Coming off the heels of NeoCon, it’s appropriate that we look at authenticity and locality in design.
I had countless conversations with manufacturers and designers alike who celebrated the idea of community and bringing people together in a way that doesn’t feel fabricated.
Rather, we need to create spaces that encourage them to gather—and to isolate when needed—naturally.
In hindsight, lack of authenticity was the Achilles heel of the open office plan, or part of it anyway. The methodology presumed that removing all barriers was the most effective way to promote collaboration among employees.
Instead, it felt forced—fake even. And design is nothing if not genuine.
To that point, an article contributed by Be Original Americas cites the tremendous cost of counterfeits as it relates to product design and manufacturing. Not only do knock-offs infringe on intellectual property rights, but they come at the expense of innovation and American jobs.
“Supporting authentic design affords designers and manufacturers the resources and creative freedom to be innovative,” the article suggests. “It allows them to take design risks that may have the potential to fail and never come to market. It pushes the boundaries of what’s possible.”
Of course, advancing design extends well beyond product manufacturing and reaches into the realm of community transformation, which is at the heart of why so many designers do what they do.
Just ask Deon Lucas, creator of Beehyyve, a design and architecture collaborative dedicated to revitalization projects.
Lucas’ story is highlighted in this month’s IIDA column and illustrates how his passion to reconnect with his community in Chicago led to a vision for positive change through his work with the entrepreneurial collective, E.G. Woode.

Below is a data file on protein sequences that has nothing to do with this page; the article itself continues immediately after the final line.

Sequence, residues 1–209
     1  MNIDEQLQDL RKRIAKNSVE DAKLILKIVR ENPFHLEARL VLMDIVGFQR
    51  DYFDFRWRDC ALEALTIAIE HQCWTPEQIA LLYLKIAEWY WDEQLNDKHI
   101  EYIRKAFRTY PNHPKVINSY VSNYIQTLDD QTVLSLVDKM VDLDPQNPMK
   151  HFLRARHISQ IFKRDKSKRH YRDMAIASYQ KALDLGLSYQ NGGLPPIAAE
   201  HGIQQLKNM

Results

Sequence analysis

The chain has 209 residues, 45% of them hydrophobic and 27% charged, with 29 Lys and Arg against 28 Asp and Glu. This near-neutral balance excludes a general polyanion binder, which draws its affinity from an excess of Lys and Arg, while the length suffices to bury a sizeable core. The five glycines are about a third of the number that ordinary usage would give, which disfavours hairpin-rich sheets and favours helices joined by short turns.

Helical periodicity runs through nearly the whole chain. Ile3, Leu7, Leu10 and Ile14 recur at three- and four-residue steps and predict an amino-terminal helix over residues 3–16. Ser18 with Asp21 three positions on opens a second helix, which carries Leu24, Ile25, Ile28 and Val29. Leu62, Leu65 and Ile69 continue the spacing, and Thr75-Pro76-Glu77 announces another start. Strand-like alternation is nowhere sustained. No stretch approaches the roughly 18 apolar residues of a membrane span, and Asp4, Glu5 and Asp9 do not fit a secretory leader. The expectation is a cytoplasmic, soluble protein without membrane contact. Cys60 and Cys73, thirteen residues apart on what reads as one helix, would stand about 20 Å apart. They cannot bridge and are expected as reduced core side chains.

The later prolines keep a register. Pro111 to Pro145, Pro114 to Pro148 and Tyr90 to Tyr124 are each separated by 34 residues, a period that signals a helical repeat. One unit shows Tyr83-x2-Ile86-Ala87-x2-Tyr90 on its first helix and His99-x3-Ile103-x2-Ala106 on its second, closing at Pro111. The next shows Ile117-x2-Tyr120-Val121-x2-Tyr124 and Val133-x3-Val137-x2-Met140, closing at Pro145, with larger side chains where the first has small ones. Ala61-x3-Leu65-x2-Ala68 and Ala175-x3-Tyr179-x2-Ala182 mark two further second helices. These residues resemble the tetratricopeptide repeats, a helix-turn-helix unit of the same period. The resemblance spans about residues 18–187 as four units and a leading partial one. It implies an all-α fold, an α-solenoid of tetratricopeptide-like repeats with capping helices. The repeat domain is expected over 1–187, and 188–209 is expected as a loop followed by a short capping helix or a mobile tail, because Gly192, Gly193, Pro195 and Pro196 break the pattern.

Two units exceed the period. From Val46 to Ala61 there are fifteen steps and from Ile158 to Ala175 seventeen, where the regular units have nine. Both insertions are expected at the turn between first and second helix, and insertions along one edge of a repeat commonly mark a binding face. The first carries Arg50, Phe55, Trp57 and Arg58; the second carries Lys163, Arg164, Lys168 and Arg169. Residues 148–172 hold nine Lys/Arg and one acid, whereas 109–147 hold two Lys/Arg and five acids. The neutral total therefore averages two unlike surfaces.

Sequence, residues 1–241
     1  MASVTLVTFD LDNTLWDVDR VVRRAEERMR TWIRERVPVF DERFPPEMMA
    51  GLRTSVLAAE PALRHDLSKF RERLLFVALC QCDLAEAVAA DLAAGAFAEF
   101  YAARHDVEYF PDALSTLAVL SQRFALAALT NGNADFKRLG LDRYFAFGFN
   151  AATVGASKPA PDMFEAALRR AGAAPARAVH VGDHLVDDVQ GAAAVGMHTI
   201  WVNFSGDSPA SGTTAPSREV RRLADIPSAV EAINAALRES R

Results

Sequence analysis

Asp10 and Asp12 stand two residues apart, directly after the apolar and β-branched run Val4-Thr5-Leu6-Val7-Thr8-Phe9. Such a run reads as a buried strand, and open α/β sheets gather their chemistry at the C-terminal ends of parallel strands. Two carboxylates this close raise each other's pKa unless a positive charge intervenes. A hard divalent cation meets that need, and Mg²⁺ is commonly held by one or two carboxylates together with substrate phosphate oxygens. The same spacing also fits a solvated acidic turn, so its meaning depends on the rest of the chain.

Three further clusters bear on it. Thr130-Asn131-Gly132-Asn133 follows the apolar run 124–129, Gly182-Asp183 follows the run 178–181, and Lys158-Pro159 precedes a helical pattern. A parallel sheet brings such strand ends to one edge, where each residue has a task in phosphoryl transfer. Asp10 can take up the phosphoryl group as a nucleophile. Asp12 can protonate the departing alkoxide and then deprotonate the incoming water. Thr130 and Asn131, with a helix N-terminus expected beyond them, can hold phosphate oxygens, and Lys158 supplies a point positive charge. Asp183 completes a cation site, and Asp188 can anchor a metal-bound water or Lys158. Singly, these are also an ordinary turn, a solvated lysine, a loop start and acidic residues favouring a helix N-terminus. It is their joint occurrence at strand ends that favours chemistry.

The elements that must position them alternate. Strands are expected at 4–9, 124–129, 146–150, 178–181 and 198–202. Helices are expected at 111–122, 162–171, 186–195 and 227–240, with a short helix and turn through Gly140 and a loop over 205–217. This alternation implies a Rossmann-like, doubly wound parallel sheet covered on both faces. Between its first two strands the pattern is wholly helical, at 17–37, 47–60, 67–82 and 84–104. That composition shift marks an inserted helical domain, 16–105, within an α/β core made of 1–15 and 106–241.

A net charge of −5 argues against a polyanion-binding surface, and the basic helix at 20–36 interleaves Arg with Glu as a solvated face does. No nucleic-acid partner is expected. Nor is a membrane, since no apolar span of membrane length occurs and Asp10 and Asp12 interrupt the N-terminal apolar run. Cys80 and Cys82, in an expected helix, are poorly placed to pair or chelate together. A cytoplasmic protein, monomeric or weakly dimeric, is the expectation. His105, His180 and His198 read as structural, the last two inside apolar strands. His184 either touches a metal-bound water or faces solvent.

“The work we do is deeply rooted in the community,” Lucas says. “It started out with me just volunteering and contributing my time and finding ways to serve the community, and as a result, [E.G. Woode] has gotten the opportunity to create a vision for neighborhood transformation.”
The idea that design can be a catalyst for change is one that Joey Shimoda and Susan Chang, co-founders of Los Angeles-based Shimoda Design Group (SDG), are intimately familiar with.
The celebrated designers approach every project with passion and care while also pushing clients to explore the possibilities that design affords them.
“I really want to communicate the notion that we really do believe that ideas want to exist to make things better; that the concepts that we’re trying to bring [to fruition], the ideas that we’re testing, the artists we work with, or the methods with which we build something, we want them to make a big difference,” Shimoda says.
For SDG, it’s not the size of the project that matters; it’s the idea that “everything has some value if we care about it,” Shimoda explains.
That’s as true for product design as it is for interiors or for the community at large.
When we care enough to invest in design ideas that are thoughtful and original, those that celebrate and encourage community and meaningful connections between people, we won’t need to wonder whether our work is imbued worth. Genuine design is good design.
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